Six new forms of carbon predicted using known topologies from the zeolite field

Previously unknown carbon allotropes have been predicted by scientists exploring their links with well-known network topologies. The new structures are highly stable and transparent, some with larger optical band gaps than diamond.

Advanced computational techniques are leading the search for new forms of carbon and other group 14 elements. Now, Davide Proserpio from the University of Milan, Italy, and co-workers, have shown that fundamental network descriptors known about and catalogued for many years can help predict as well as classify and compare allotropes.

Topology defines a network in terms of its basic elements, such as nodes and links. A network can be deformed, stretched or bent and remain the same topology, but elements cannot be broken or rearranged. Zeolites and metal–organic frameworks are often described and distinguished in this way.

Proserpio’s team took a collection of 600,000 different zeolite topologies and found six new low energy carbon allotropes by applying strict geometrical and stereochemical considerations. ‘The structures are already out there but you need to feel them out with the correct criteria. A lot of people are doing molecular dynamics but no one has found these structures,’ he explains. As well as being very hard, stable and transparent, these predicted allotropes share structural characteristics with physically existing forms of carbon which points to potential fabrication routes.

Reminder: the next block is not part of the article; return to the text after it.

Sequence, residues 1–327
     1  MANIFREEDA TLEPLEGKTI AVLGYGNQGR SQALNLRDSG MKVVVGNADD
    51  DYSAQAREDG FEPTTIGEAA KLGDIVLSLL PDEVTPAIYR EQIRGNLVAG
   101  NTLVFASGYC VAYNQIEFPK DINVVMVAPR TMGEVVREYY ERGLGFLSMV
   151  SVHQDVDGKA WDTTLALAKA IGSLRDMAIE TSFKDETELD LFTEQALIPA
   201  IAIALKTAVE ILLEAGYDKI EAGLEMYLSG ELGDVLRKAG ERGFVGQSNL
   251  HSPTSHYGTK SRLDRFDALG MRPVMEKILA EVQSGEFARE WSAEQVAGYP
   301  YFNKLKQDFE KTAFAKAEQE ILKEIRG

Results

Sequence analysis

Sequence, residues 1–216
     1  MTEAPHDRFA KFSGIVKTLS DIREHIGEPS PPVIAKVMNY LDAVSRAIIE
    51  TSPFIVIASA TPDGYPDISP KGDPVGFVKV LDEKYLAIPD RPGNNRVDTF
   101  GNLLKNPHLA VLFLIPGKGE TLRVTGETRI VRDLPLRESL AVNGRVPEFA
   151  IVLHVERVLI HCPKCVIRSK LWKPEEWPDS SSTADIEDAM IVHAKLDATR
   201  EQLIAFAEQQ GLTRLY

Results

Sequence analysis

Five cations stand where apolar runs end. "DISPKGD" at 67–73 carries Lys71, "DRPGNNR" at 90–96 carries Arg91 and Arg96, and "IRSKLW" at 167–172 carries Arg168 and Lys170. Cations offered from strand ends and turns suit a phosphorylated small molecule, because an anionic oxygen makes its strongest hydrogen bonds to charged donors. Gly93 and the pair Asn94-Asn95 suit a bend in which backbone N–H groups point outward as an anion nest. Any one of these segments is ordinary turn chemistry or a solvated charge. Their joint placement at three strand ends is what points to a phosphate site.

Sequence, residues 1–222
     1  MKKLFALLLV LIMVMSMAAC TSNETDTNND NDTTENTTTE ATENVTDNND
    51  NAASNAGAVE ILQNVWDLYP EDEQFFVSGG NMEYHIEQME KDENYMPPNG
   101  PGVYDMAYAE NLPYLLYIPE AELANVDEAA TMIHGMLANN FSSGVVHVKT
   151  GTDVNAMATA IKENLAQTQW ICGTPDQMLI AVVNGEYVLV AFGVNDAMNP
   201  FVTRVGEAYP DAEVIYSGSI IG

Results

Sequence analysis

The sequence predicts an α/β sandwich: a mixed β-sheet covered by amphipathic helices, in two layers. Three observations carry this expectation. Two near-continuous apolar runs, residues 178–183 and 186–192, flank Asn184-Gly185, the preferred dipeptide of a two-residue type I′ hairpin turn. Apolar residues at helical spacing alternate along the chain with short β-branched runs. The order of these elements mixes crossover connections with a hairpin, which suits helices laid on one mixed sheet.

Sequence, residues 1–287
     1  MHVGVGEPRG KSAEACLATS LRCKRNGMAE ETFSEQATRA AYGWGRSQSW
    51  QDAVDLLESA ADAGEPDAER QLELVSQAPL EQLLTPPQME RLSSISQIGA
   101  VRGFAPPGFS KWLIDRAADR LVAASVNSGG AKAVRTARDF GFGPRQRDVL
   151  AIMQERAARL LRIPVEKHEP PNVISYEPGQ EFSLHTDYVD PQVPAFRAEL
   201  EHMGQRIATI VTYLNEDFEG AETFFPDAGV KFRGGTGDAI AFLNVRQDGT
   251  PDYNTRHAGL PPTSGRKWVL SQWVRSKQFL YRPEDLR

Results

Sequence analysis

Six new carbon allotropes that stand out for their energetic stability, mechanical stiffness and optical properties

‘What is important about this design work is that it draws beautifully on existing structures from one sub-field of chemistry – zeolites – to come up with possible alternatives for another field,’ says allotrope pioneer Roald Hoffmann, from Cornell University in the US. This link is important because scientists can be unaware of relevant developments outside of their immediate research area. ‘Often people are redoing things that were done in the literature a long time ago … a lot of this [allotrope] work is published in physics journals by physicists, who don’t know the chemistry,’ notes Proserpio.

Topological labelling could help prevent this duplication of effort by providing a clear system of allotrope classification. Lars Öhrström, a metal–organic framework expert at Chalmers University of Technology, Sweden, comments that: ‘Currently they give them [allotropes] different sorts of names, sometimes space groups … net topology will be a better descriptor than a space group, because the same topology can actually exist in several different space groups, so you can have the same connectivity, the same basic structure, but you can have different space groups.’

And there’s nothing to stop chemists from extending this topological approach to search for other new network forming compounds like water polymorphs and hydrogen bonding systems.